What is This Pitch Dark Hell?
Thanks to my beloved editorial clients, I’ve had lots of experience explaining features, benefits, and the things I’ve learned to do with certain required levels of skill. I am a career contractor. Being a magazine writer, an independent editor, or a novelist is just the same thing from a different angle.
In fact, I hold that playing at sales pitching only makes the experience more painful. The writer ends up relying on a magical incantation instead of providing the needful business information or fostering a professional relationship.
And the platitudes heard when bouncing a pitch off other unpublished writers are exactly zero measure of professionals’ response. People generally try to be polite and encouraging to each other when the stakes are not our own.
If you don’t have the gut confidence in your work (yet) to advocate for it effectively, it’s okay to let yourself learn some more first. It’s okay to do live trials and field experiments in early work. And it’s okay to tank a pitch. There is always another chance.
Just keep listening to people who have greater (authentic) knowledge than you do. That’s the #1 secret to life, the universe and everything.
OR, option #2:
Ignore whatever advice, mythology and/or rumour is making you feel uncertain. Maybe you’ve been listening to information aimed at the kind of writer you aren’t. If that’s what’s throwing you off, throw it off.
Let’s talk about a popular truism that is not necessarily a Law of the Universe, because as Twain said, there are lies, damned lies and statistics.
If it’s true that 1-2% of everybody pre-published has a competitive portfolio, and a networking event has 700 attendees, plus 15 agents and 15 editors, that’s 30 acquisitions people competing for 7-14 writers. Even if every editor in the room will only accept the actual submission through an agent, the writers are still looking at a one-to-one ratio at worst.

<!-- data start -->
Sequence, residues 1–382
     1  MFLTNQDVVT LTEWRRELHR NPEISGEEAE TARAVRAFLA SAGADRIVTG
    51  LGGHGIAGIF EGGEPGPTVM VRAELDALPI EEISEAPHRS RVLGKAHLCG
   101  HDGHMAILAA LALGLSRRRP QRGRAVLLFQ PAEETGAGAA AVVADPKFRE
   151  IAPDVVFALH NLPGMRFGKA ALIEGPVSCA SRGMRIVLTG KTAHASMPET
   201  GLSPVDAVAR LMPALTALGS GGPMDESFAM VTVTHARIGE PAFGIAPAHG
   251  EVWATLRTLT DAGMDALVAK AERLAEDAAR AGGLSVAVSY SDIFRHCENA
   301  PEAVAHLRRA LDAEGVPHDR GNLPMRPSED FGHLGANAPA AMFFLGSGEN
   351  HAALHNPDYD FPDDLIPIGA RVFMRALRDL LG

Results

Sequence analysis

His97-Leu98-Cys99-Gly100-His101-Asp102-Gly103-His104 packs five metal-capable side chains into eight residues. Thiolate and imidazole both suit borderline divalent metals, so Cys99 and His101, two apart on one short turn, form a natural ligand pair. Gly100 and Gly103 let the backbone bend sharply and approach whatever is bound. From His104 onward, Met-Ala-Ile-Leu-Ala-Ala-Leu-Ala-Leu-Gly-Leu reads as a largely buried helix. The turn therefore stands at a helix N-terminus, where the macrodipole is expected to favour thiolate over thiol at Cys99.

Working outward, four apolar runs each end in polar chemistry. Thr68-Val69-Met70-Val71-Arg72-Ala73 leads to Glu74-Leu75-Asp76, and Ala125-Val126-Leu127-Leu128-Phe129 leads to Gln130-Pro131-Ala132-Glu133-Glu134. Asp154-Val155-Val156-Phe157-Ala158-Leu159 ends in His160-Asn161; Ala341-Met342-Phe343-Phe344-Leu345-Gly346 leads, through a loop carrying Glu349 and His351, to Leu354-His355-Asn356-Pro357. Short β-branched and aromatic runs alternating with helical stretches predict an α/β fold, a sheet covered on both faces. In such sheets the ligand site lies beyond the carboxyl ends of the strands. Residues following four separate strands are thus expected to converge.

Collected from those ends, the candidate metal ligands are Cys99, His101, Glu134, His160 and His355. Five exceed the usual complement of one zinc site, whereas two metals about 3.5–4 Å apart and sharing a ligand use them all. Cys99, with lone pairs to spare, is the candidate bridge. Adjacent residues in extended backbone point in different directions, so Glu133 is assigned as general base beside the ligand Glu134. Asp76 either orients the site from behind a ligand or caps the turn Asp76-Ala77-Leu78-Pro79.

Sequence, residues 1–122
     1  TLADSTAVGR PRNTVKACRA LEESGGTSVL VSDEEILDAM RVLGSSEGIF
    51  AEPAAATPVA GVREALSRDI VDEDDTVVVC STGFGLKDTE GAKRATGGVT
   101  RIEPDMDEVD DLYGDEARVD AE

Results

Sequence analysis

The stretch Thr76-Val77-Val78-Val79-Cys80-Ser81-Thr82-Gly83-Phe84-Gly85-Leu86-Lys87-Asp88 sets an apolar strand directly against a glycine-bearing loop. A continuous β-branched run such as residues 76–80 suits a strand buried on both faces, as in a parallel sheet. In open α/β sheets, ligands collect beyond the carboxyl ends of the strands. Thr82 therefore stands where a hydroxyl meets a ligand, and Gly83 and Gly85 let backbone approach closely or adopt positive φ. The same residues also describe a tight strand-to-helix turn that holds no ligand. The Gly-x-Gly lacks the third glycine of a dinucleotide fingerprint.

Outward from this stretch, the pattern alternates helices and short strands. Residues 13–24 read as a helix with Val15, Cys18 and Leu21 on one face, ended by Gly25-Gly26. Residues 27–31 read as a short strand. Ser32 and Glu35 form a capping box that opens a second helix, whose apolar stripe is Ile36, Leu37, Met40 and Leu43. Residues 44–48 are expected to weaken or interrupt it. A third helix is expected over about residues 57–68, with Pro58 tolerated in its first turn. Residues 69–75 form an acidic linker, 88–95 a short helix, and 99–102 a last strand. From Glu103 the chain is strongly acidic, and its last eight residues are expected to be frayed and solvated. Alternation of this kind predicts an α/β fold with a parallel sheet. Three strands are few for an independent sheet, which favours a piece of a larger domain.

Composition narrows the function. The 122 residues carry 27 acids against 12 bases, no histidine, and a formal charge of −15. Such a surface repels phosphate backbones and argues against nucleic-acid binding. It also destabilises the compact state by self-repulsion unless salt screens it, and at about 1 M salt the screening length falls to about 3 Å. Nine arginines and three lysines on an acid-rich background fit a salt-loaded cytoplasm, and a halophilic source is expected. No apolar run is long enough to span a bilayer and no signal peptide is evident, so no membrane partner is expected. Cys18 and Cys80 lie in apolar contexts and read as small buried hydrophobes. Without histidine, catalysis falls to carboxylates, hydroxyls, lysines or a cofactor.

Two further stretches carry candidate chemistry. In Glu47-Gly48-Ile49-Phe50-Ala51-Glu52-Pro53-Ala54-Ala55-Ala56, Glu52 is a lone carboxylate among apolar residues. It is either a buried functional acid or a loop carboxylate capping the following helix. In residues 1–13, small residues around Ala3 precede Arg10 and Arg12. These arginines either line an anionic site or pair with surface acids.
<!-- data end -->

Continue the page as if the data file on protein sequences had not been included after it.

Which is why I don’t need to practice pitching. Saying the right magic formula is not even relevant to the situation. Knowing my business is.
So find the right business relationships, not the wrong ones. Don’t consign yourself to slushing it randomly. Play it smart.
For the Concept or For the Career?
I have a thirty-year career plan. Insofar as long fiction, I’ve worked behind a curtain and waited this long because it hasn’t been right for my young family till now. Because I live in the Canadian middle of nowhere, not New York or Nashville, I have to consider the extra time and cost of making my own personal connections. I can’t leave that to other people. Their work is their work; my work is mine.
The intervening time hasn’t been wasted. In the music world, I learned to believe in and pursue top-level creative work. In the writing world, I’ve learned to believe in not settling for poor business compromises. At this point, with much feedback, I’ve trained my writing to open its own doors, not just bark at the gatekeeper on the other side.
Once the door is open, what happens next is ultimately subject to my decision-making quality.
Will the novelist angle work out for me? I do not have access to that crystal ball. If it doesn’t, that’s okay. I’m already published in print magazines, poetry, and lifestyle columnist work. The worst advice I ever heard was that writing in many fields is not a “targeted” enough way to build a career.
As Kris says:
The reason I write a business blog for writers is that business, not craft, destroys a writer’s career.
The best advice I ever heard was: Choose what you want from this gig. Do that. Never give up the ability to make it worthwhile.
Categories: From the Editor's Desk